Tadalafil Treats Erectile Dysfunction; Low Cardiovascular Risk

Laurie Barclay, MD

May 30, 2002

May 31, 2002 -- Tadalafil (Cialis), a selective phosphodiesterase type 5 inhibitor, treats erectile dysfunction (ED) with little adverse cardiovascular effect, according to new clinical data presented May 25 at the 97th annual meeting of the American Urological Association in Orlando, Florida.

"Cialis was statistically superior to placebo in enabling men with ED to have successful intercourse at 24 or 36 hours after taking the drug and showed a consistent effect at both time points," author Raymond Rosen, PhD, from Robert Wood Johnson Medical School in Piscataway, NJ, says in a news release. "The duration of effectiveness did not appear to influence the incidence or severity of side effects."

In a phase III, randomized, clinical study, 348 men with mild-to-severe ED received tadalafil 20 mg or placebo over an 8-week period. Patients were instructed to attempt intercourse on 2 occasions at 24 hours after dosing and on 2 occasions at 36 hours after dosing. Tadalafil was statistically superior to placebo in the percentage of successful sexual intercourse attempts at 24 and 36 hours ( P<.001), as well as in secondary outcome measures including penetration ability, satisfaction with hardness of erection, and overall satisfaction ( P<.001).

Treatment-related adverse effects reported by more than 5% of patients were headache, flushing, and dyspepsia. Less than 2% of patients in either group left the study because of adverse effects, and there were no treatment-related serious adverse events reported.

In a separate presentation, Robert A. Kloner, MD, PhD, from the University of Southern California, Los Angeles, summarized the overall cardiovascular profile of tadalafil based on data from several phase III pivotal clinical trials and other studies. These trials included men with a wide variety of stable cardiovascular conditions, such as hypertension treated with multiple medications.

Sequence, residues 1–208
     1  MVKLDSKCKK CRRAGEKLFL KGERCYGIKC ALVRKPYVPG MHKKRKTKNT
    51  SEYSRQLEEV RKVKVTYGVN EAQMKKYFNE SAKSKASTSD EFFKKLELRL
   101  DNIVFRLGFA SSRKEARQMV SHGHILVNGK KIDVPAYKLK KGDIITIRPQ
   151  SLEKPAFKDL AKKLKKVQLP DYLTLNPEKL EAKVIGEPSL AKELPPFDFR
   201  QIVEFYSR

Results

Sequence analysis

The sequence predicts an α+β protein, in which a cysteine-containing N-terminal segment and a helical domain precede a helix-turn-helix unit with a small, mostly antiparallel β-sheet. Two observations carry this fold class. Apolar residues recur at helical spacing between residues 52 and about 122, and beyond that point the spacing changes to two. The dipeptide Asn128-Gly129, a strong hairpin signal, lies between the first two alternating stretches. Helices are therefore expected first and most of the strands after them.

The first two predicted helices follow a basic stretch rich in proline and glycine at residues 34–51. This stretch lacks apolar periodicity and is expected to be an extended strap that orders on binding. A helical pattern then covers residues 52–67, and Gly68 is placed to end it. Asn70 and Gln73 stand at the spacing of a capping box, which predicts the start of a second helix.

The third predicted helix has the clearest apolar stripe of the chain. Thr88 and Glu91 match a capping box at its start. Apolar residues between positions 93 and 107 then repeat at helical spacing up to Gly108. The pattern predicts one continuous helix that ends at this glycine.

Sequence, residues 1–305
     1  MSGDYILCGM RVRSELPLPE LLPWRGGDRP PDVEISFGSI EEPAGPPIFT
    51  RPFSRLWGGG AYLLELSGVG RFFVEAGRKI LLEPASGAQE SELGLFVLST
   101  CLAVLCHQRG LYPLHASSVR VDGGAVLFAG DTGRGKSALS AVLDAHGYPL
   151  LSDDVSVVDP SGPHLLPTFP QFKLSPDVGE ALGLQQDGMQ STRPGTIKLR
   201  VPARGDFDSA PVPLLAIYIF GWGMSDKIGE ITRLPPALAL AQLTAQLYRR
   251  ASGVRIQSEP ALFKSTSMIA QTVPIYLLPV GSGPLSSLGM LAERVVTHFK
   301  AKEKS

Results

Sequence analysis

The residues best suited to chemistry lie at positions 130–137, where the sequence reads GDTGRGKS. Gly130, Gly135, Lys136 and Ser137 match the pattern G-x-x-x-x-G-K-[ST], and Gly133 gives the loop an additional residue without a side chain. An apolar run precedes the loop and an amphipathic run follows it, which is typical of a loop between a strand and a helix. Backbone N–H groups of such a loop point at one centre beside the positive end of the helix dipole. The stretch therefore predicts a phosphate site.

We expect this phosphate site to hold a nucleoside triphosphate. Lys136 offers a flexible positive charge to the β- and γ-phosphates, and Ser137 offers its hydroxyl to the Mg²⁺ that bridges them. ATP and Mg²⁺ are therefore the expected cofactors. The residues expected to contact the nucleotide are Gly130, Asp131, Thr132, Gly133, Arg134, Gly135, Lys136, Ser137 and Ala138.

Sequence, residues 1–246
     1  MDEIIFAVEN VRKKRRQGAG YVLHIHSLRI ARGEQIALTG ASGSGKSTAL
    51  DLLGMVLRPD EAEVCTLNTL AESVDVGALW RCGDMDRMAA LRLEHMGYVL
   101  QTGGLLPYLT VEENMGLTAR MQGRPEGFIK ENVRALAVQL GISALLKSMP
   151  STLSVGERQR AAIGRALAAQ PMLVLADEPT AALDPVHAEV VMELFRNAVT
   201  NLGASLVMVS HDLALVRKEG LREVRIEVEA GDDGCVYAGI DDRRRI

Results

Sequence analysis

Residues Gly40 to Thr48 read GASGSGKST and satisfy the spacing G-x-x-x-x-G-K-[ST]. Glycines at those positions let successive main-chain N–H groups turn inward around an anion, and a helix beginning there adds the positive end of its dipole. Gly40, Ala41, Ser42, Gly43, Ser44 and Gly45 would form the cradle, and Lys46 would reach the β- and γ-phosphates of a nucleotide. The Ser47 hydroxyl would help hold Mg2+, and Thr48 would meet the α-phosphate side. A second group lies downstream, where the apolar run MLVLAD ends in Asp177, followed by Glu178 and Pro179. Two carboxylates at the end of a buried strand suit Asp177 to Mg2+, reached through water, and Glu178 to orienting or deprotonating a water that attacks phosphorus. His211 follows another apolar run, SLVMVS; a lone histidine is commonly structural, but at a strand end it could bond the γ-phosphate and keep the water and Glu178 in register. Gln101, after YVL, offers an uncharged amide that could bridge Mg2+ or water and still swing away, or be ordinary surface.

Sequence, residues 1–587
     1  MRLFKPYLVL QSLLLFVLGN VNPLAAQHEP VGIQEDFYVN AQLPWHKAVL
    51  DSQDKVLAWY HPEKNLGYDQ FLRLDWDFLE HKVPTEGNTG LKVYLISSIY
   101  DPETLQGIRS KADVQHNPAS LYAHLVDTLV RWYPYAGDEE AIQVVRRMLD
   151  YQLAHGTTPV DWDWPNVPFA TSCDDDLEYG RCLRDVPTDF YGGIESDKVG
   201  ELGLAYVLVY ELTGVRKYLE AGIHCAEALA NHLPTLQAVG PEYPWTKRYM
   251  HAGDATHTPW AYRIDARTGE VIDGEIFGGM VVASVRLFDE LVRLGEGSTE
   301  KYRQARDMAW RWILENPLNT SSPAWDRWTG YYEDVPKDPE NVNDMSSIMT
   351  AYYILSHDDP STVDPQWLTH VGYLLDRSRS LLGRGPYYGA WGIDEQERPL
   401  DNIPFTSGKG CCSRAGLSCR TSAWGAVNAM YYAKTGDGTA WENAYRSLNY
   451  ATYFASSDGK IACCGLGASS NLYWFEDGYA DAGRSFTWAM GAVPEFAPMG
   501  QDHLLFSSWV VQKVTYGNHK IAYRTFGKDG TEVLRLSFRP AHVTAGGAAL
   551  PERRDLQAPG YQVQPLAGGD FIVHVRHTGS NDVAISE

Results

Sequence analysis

"Overall, the incidence of cardiovascular events was not statistically significantly different from placebo," Kloner says. "These newly presented clinical safety data provide further information for the cardiovascular profile demonstrated in clinical trials for Cialis."

Compared with placebo, healthy patients taking tadalafil 20 mg had no statistically significant differences in standing blood pressure or heart rate. Across all clinical studies, which involved more than 4000 patients, incidence of myocardial infarction was similar in patients treated with tadalafil or placebo.

In large-scale phase III clinical trials involving 1328 men with ED, the overall incidence of cardiovascular adverse effects, including flushing, dizziness, hypertension, and syncope, was not statistically significantly different in the placebo- and tadalafil -treated groups.

Lilly ICOS LLC, a joint venture between ICOS Corporation and Eli Lilly and Company, is developing Cialis for the treatment of sexual dysfunction. Co-administration of a nitrate with tadalafil is likely to be contraindicated, because tadalafil relaxes vascular smooth muscle, which augments the hypotensive effects of nitrates.

AUA Annual Meeting. May 25, 2002.

Reviewed by Gary D. Vogin, MD

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